Joplin is nestled in the rolling hills of the Ozarks, right in the heart of America. This means that while we’re surrounded by miles of trails to explore, we’re also a long way from the crashing waves of the ocean. In fact, there are seven degrees of latitude that separate us from our closest ocean access point: The Gulf of Mexico.
While it’s not easy for us landlocked Ozarkians to physically travel to the beach to enjoy some rest and relaxation, we can feel like we’re there when we visit Turtleheads Raw Bar, located right here in Joplin.
The turquoise exterior of Turtleheads reminds me of the bright Gulf water, and it offers a hint of the carefree, beachy vibe cultivated inside. With kitschy nautical decorations and neon signs adorning the walls, this is a hangout where Jimmy Buffet would feel right at home.
Recently, my husband Travis and I ate at Turtleheads. Both of us went to college in the Gulf region; he in Pensacola, Florida, and I in New Orleans, so every once in a while, we crave the variety of seafood that we had access to when we lived there. Lucky for us, the menu at Turtleheads offers several items that satisfy those cravings.
There are some appetizer options here that you won’t find anywhere else in town, like fried gator tail and frog legs. There are also oysters, both fried and on the half-shell, which Travis ordered.
He was given the choice of Gulf or Blue Point oysters, and he chose the latter. It had been years since he’d eaten some, and he was excited to be able to do so here in Joplin.
I’ve never acquired the taste for oysters, so I ordered the coconut shrimp. Served with honey and citrus sauce, it had a nice tropical flavor.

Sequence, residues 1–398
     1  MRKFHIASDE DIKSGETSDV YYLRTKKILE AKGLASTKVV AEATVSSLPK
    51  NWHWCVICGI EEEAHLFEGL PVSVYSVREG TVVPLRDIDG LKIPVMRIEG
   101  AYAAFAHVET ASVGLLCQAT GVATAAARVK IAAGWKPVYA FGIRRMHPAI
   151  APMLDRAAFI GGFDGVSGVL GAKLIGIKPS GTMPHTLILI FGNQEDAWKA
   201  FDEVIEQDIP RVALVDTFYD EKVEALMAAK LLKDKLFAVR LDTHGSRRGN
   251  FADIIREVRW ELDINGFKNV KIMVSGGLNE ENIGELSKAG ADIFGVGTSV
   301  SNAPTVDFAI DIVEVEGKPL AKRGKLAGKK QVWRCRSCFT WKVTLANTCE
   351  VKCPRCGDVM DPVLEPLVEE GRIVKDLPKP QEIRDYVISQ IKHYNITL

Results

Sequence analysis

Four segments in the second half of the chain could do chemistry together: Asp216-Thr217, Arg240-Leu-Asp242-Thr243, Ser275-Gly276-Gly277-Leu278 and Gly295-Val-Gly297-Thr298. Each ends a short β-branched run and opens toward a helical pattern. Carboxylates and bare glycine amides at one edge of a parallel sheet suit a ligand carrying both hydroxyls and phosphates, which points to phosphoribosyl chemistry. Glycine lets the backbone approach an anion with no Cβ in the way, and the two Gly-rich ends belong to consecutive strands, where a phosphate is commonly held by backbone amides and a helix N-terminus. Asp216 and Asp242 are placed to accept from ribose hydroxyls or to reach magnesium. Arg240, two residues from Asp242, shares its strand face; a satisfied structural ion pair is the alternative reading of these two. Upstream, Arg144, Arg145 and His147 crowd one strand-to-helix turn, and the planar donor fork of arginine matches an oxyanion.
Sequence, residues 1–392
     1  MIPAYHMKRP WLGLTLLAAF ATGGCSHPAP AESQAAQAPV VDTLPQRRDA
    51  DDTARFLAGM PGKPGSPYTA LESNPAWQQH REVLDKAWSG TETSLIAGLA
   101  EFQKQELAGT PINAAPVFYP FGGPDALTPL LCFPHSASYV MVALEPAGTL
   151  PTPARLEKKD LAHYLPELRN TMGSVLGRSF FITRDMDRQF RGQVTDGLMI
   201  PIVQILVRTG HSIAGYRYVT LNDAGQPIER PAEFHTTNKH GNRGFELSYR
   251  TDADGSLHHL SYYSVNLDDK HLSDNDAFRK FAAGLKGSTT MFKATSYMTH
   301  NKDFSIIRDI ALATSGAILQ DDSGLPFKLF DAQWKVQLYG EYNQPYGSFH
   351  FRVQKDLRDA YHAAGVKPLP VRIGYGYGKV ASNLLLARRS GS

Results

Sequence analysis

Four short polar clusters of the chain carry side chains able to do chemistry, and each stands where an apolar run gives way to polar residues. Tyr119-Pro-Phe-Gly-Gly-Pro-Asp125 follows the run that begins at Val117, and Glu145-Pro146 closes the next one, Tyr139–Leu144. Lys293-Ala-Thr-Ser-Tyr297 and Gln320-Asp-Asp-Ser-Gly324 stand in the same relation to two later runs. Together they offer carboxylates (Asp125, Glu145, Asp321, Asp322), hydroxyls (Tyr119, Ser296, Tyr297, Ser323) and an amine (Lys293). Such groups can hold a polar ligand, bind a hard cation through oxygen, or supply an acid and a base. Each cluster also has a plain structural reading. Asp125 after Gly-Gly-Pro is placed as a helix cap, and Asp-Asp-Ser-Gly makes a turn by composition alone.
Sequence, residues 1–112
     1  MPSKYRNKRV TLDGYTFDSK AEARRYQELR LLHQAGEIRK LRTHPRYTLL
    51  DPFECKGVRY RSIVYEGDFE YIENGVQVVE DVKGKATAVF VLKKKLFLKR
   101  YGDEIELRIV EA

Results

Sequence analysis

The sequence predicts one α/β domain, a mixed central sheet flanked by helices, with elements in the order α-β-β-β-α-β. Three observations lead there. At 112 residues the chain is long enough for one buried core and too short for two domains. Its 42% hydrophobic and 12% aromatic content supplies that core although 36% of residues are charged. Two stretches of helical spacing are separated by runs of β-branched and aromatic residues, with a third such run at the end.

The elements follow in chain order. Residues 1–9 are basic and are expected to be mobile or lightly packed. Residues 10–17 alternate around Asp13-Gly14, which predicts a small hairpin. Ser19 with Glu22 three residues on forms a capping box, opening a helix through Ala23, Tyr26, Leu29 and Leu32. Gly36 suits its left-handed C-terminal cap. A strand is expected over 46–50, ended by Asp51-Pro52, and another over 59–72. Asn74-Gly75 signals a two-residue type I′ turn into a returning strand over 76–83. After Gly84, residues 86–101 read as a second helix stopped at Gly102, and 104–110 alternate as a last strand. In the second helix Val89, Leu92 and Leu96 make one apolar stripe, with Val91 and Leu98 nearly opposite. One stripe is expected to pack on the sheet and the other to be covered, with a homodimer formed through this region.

As we enjoyed our appetizers, the languid beat of the reggae song Red, Red, Wine by UB40 played, transporting us back to the day that we met on a beach in Illinois in the summer of ‘87. Ah, yet another good time at the beach.
When it came time to order our entrees, I was torn between the po’ boy sandwich or the gumbo, two of my favorite Cajun foods. I ultimately went with the gumbo, which was packed with tomatoes, celery, shrimp, and spicy andouille sausage, served over Cajun rice.
My side dish of island slaw, subtly sweetened with coconut and grapes, was a nice complement to the fiery gumbo.
The Louisiana Pan Roast that Travis ordered also had a kick to it. Similar in consistency to the gumbo, his pan roast contained shrimp and crab, bathed in a creamy – yet spicy – tomato and clam sauce, and served over Cajun rice.
His side dish of jalapeno hush puppies, served with a remoulade-type sauce for dipping, was delicious.
In addition to its regular menu items, Turtleheads runs specials on different nights of the week, such as Crab Feast on Wednesdays (with all-you-can-eat crab legs), and Catfish Fry-Days.
But eating seafood is only part of the Gulf Coast lifestyle feeling at Turtleheads; the other part is listening to live music under twinkling lights on the outside patio.
The patio is open year-round, and there’s live music played there every Saturday night.
Outside, we sipped on our beer as the balmy breeze carried away our worries. We felt relaxed, like we’d been to the beach – yet we’d never left Joplin.
Changes in latitudes, changes in attitudes, like Jimmy Buffet sings.
On this night, we mentally changed latitudes with a virtual trip to the beach at Turtleheads.